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The leading Radicals were John Bright and Richard Cobden, who represented the production towns which had gained representation under the Reform Act. They favoured social reform, individual liberty, decreasing the powers of the Crown and the Church of England (lots of Liberals were Nonconformists), avoidance of war and foreign alliances (which were bad for service) and above all open market.
In 1841, the Liberals lost office to the Conservatives under Sir Robert Peel, however their duration in opposition was short due to the fact that the Conservatives divided over the repeal of the Corn Laws, a complimentary trade problem; and a faction referred to as the Peelites (however not Peel himself, who passed away not long after) defected to the Liberal side.
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A leading Peelite was William Ewart Gladstone, who was a reforming Chancellor of the Exchequer in the majority of these governments. The official foundation of the Liberal Party is generally traced to 1859 and the development of Palmerston’s second federal government. However, the Whig-Radical amalgam could not become a true modern-day political party while it was controlled by aristocrats and it was not till the departure of the “2 Awful Old Guy”, Russell and Palmerston, that Gladstone could become the very first leader of the modern-day Liberal Party.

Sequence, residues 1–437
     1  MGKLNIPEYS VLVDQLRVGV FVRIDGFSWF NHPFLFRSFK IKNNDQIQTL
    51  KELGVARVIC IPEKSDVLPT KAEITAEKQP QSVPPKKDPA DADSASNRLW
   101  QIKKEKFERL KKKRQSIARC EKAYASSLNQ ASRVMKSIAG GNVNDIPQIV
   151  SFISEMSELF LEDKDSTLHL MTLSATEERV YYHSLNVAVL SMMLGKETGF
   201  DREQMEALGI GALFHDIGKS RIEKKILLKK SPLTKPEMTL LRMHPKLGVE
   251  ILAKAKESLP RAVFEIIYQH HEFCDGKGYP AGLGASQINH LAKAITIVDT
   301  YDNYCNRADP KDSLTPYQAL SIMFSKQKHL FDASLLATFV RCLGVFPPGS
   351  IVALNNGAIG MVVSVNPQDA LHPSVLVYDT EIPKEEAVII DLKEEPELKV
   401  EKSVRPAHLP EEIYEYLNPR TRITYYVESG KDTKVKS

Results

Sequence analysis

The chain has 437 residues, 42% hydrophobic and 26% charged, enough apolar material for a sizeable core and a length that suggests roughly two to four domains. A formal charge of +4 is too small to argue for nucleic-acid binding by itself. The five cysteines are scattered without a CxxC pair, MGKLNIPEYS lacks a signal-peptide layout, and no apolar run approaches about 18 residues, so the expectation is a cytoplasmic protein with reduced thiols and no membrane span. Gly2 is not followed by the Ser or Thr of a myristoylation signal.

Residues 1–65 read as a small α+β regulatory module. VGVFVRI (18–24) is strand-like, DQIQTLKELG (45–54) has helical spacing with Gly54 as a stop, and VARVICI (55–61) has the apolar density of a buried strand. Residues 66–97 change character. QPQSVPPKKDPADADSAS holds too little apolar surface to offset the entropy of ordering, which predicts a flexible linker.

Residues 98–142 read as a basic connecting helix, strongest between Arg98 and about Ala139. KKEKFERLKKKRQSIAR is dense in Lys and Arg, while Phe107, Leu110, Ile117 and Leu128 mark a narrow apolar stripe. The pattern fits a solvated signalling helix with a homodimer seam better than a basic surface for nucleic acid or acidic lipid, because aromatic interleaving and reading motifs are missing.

After a short Conservative federal government (throughout which the Second Reform Act was gone by contract between the parties), Gladstone won a big success at the 1868 election and formed the very first Liberal federal government. The establishment of the party as a nationwide subscription organisation included the foundation of the National Liberal Federation in 1877.
For the next thirty years Gladstone and Liberalism were associated. William Ewart Gladstone worked as prime minister four times (186874, 188085, 1886, and 189294). His monetary policies, based upon the idea of well balanced budget plans, low taxes and, were matched to a developing capitalist society, however they could not react effectively as economic and social conditions altered.
Deeply religious, Gladstone brought a new moral tone to politics, with his evangelical perceptiveness and his opposition to aristocracy. His moralism typically outraged his upper-class opponents (including Queen Victoria), and his heavy-handed control divided the Liberal Party. In foreign policy, Gladstone remained in general versus foreign entanglements, however he did not withstand the truths of imperialism.
His goal was to create a European order based upon co-operation instead of dispute and on shared trust rather of competition and suspicion; the rule of law was to supplant the reign of force and self-interest. This Gladstonian principle of a harmonious Show of Europe was opposed to and eventually defeated by a Bismarckian system of controlled alliances and antagonisms.